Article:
Waynesboro owes its existence to the railroad that was constructed through Wayne County in 1854. The Mobile and Ohio Railroad established stations roughly every five to six miles along its line, and a station was built roughly five miles north of Winchester, which was an established and thriving community at the time, and was named Waynesboro.
The town of Waynesboro was laid out around the train stop and property was offered for sale by the railroad. By 1860, some 15 to 20 families called Waynesboro home, and businesses gradually began springing up to meet the needs of people living in the area.
By 1876, the town was granted a charter of incorporation by the state, and became the county seat of government. Hotels sprang up and several general stores were open for business. A school and at least two churches were also established around this time.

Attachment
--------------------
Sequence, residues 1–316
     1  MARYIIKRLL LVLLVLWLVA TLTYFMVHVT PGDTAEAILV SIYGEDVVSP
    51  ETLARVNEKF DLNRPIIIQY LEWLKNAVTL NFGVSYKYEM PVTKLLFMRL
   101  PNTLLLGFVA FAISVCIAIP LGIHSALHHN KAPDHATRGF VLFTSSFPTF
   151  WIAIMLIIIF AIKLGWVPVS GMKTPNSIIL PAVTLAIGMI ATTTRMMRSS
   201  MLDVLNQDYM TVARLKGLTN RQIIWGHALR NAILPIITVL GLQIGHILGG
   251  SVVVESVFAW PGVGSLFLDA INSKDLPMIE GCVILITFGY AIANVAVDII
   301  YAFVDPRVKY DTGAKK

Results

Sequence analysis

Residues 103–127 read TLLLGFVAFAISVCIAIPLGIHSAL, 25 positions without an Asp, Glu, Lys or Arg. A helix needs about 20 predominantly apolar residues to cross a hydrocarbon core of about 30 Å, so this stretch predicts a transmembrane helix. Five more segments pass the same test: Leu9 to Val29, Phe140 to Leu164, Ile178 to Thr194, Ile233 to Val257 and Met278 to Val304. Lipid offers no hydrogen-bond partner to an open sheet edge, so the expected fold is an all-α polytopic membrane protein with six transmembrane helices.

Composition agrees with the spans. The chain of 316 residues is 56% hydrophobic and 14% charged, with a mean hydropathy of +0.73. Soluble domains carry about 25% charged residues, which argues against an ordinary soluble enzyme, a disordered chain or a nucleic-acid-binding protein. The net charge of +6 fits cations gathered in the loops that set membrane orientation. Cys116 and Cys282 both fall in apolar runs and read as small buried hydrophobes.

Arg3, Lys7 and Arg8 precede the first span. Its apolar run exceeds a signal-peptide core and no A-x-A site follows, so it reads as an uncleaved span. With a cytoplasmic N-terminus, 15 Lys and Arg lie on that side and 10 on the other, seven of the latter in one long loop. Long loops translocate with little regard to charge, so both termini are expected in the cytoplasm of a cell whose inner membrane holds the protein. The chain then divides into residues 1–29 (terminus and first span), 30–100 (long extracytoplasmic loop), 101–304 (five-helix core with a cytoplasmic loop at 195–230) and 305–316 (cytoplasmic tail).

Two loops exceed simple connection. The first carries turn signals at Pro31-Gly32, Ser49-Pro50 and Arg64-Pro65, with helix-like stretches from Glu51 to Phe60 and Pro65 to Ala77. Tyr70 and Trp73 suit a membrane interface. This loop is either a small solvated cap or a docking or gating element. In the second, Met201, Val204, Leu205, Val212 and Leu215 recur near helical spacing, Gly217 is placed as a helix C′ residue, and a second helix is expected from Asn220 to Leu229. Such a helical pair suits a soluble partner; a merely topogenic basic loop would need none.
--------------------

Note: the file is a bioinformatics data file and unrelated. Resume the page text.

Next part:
A new brick courthouse was constructed in 1892, replacing a structure that was destroyed by fire. It would ultimately stand until being replaced in 1935 and would be torn down in 1958.
The turn of the 20th Century saw Waynesboro's stature continue to grow as a hub for commercial activity. As the population steadily grew in those early years, roads were improved and residential areas began to spring up on both sides of the railroad.
More stores would open as the years went by, including more general stores, drug stores, a bank, a United States Post Office, hotels and taverns, a livery stable, blacksmith shops and a newspaper office. A sawmill and brick factory also came into existence.